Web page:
Macular edema

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Macular edema
MacularEdema OCT 2-3D LeftE with-out arrows.png
A 61-year-old man with medical history of type 2 diabetes that presents a macular edema, evidenced by an OCT (the edema marked with arrows). The central image is a 3D reconstruction of the retinal thickness (the edema is coloured in red).
Classification and external resources
Specialty ophthalmology
ICD-10 H35.8
ICD-9-CM 362.01, 362.53
Diabetic macular edema, with hard exudates surrounding the blood vessels.

Macular edema occurs when fluid and protein deposits collect on or under the macula of the eye (a yellow central area of the retina) and causes it to thicken and swell (edema). The swelling may distort a person's central vision, because the macula holds tightly packed cones that provide sharp, clear, central vision to enable a person to see detail, form, and color that is directly in the centre of the field of view.

Causes of macular edema[edit]

The causes of macular edema are numerous and different causes may be inter-related.

  • It is commonly associated with diabetes. Chronic or uncontrolled diabetes type 2 can affect peripheral blood vessels including those of the retina which may leak fluid, blood and occasionally fats into the retina causing it to swell.[1]
  • Age-related macular degeneration may cause macular edema. As individuals age there may be a natural deterioration in the macula which can lead to the depositing of drusen under the retina sometimes with the formation of abnormal blood vessels.[2]
  • Replacement of the lens as treatment for cataract can cause pseudophakic macular edema. (‘pseudophakia’ means ‘replacement lens’) also known as Irvine-Gass syndrome The surgery involved sometimes irritates the retina (and other parts of the eye) causing the capillaries in the retina to dilate and leak fluid into the retina. Less common today with modern lens replacement techniques.[3]
  • Chronic uveitis and intermediate uveitis can be a cause.[4]
  • Blockage of a vein in the retina can cause engorgement of the other retinal veins causing them to leak fluid under or into the retina. The blockage may be caused, among other things, by atherosclerosis, high blood pressure and glaucoma.[5]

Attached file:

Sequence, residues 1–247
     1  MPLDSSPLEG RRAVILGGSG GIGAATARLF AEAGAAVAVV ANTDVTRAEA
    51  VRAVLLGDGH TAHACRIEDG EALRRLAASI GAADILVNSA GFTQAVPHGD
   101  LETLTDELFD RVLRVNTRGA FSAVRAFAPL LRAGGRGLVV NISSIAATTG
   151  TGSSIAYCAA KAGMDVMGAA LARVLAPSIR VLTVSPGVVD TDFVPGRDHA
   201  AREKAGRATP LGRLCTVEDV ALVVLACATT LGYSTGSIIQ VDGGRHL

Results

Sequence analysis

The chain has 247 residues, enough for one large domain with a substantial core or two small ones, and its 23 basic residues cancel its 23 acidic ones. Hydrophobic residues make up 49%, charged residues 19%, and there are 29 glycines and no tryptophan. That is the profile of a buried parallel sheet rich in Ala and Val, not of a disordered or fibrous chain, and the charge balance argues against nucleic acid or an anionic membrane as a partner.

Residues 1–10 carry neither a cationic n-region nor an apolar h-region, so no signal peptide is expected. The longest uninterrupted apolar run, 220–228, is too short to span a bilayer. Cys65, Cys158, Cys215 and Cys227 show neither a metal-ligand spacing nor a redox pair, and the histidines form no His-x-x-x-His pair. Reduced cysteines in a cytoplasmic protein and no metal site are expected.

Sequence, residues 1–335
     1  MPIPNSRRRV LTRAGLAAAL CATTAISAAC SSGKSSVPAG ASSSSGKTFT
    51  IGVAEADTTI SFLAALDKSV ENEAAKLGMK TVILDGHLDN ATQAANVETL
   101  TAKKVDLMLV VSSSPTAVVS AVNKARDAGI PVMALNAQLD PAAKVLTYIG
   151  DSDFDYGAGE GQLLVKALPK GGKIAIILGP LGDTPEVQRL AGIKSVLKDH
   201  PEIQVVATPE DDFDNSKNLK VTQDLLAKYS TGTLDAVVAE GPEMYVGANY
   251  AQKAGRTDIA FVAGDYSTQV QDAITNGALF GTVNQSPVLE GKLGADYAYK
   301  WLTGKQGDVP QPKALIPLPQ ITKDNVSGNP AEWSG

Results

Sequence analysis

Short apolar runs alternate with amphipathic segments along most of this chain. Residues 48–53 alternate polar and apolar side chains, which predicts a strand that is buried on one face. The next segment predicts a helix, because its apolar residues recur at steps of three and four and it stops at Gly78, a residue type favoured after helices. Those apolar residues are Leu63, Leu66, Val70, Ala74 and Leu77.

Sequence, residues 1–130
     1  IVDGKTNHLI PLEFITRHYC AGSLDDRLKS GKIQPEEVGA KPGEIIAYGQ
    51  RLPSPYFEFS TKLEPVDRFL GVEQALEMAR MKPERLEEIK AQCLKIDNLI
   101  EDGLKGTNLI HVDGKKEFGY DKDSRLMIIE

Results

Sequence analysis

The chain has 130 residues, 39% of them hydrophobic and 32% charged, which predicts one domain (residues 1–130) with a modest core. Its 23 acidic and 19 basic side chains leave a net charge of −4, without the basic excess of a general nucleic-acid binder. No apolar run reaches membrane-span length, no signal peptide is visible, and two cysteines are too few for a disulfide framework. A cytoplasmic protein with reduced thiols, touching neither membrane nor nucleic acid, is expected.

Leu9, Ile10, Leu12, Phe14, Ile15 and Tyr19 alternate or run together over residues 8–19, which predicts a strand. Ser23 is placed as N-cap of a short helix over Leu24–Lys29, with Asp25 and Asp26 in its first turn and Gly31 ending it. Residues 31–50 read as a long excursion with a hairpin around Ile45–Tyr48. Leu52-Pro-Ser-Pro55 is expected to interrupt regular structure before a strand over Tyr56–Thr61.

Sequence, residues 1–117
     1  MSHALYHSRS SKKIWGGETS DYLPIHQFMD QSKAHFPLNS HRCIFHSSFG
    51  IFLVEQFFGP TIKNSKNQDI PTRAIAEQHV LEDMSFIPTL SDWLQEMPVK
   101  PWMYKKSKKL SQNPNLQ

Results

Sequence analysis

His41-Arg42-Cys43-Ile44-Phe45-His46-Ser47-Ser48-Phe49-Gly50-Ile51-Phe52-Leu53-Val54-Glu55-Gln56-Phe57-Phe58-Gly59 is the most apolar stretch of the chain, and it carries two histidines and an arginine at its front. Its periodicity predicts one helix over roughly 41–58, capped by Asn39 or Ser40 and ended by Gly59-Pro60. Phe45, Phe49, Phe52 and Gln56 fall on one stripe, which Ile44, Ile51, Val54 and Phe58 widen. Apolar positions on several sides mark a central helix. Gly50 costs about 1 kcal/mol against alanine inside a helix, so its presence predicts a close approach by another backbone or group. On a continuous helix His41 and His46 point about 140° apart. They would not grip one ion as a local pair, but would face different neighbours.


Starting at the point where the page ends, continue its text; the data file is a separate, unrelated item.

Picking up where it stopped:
• A number of drugs can cause changes in the retina that can lead to macular edema. The effect of each drug is variable and some drugs have a lesser role in causation. The principal medication known to affect the retina are:- latanoprost, epinephrine, rosiglitazone, timolol and thiazolidinediones among others.[6][7]
  • A few congenital diseases are known to be associated with macular edema for example retinitis pigmentosa and retinoschisis.[1]

Classification[edit]

Cystoid macular edema (CME) involves fluid accumulation in the outer plexiform layer secondary to abnormal perifoveal retinal capillary permeability. The edema is termed "cystoid" as it appears cystic; however, lacking an epithelial coating, it is not truly cystic. The etiology for CME can be remembered with the mnemonic "DEPRIVEN" (Diabetes, Epinepherine, Pars planitis, Retinitis pigmentosa, Irvine-Gass Syndrome, Venous occlusion, E2-Prostaglandin analogues, Nicotinic acid/Niacin).

Diabetic macular edema (DME) is similarly caused by leaking macular capillaries. DME is the most common cause of visual loss in both proliferative, and non-proliferative diabetic retinopathy.

Treatment[edit]

Macular edema sometimes occurs for a few days or weeks after cataract surgery, but most such cases can be successfully treated with NSAID or cortisone eye drops.

In 2010 the US FDA approved the use of Lucentis intravitreal injections for macular edema.[8]

Iluvien, a sustained release intravitreal implant developed by Alimera Sciences, has been approved in Austria, Portugal and the U.K. for the treatment of vision impairment associated with chronic diabetic macular edema (DME) considered insufficiently responsive to available therapies. Additional EU country approvals are anticipated.[9]